The rest of the proceeds will be used for capital expenditures, the source added.
Both Fitch and S&P rate the upcoming transaction triple B-minus. Debt service coverage is projected to average 7.8 times quarterly, with a minimum 5.15 times quarterly coverage, according to an S&P report.
CSN is one of largest steel producers in Latin America, with a capacity to produce 5.8 million tons of crude steel annually, according to the company website. It runs a mill in the state of Rio de Janeiro that churns out "the continent's most complete range of flat steel," the website says. Apart from its core business of steelmaking, CSN operates upstream businesses in mining and has stakes in two rail networks, among other interests.
The company posted a net profit of R$717 million ($298 million) in 1Q 2005, up 115% from the 1Q 2004. In 2004, Companhia Siderurgica reported production of 5.5 million metric tons - its highest ever. Heavy demand from China and strong growth at home has been feeding into the company's bottom line. In a recent presentation to investors the company said it expects China's appetite to hold up. "Despite huge capacity increases, China will continue to be net importer of high value-added products," the company said, forecasting that foreign markets will consume 25% of the 5.3 million metric tons projected for this year.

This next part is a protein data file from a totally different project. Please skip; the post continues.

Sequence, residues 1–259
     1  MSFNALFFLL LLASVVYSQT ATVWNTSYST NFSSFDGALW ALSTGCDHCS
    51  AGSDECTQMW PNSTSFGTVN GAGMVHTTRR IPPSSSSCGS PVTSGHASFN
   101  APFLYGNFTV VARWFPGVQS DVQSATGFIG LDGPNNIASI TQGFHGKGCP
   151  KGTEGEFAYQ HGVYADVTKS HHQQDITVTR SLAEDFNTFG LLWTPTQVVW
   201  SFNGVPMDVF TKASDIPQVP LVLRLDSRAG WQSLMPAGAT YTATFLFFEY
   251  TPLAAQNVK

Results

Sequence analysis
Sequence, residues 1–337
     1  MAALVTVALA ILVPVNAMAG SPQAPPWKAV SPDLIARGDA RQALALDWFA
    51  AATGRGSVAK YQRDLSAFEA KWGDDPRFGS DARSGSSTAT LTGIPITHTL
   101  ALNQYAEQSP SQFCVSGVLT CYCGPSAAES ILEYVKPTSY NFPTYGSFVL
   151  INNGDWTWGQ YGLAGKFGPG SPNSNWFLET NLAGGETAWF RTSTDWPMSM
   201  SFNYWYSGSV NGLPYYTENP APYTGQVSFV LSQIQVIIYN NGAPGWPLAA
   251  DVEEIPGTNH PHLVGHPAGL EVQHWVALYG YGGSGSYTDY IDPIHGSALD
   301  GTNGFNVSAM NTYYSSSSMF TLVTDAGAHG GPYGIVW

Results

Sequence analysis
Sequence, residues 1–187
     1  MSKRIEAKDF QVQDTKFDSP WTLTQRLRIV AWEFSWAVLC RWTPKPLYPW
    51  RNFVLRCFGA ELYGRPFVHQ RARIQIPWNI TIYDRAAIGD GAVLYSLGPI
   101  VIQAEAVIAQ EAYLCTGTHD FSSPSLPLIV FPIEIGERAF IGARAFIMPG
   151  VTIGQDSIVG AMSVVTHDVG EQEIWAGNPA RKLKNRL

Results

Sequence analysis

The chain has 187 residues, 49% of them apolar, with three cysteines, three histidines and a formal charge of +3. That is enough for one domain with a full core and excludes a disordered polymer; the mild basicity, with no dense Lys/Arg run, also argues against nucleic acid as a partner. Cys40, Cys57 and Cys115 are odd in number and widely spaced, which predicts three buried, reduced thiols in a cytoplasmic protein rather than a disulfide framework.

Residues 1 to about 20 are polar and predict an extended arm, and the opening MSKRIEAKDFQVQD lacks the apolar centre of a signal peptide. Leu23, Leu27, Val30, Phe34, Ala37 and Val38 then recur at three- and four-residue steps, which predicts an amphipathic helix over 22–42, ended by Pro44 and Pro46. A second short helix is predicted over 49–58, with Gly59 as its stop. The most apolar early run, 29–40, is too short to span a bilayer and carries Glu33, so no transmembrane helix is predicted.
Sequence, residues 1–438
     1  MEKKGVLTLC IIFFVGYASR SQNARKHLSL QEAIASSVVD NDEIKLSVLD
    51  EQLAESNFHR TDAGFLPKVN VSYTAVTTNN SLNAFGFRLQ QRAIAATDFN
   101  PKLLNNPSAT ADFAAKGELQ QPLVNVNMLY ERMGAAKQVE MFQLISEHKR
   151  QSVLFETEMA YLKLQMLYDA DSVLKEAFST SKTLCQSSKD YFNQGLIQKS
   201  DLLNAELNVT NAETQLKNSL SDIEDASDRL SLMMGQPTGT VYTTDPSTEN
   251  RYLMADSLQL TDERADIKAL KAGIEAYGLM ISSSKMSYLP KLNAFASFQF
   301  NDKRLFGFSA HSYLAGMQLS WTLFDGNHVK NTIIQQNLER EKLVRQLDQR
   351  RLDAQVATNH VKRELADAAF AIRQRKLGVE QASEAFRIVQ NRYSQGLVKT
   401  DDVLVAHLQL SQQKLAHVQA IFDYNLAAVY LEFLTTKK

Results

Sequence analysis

Following a very quiet first quarter, cross-border issuance is expected to pick up. "Some issuers are looking at low-interest refinancing," said one market source. Recent volatility in the plain corporate credit markets may also start to steer issuers towards securitization, he added.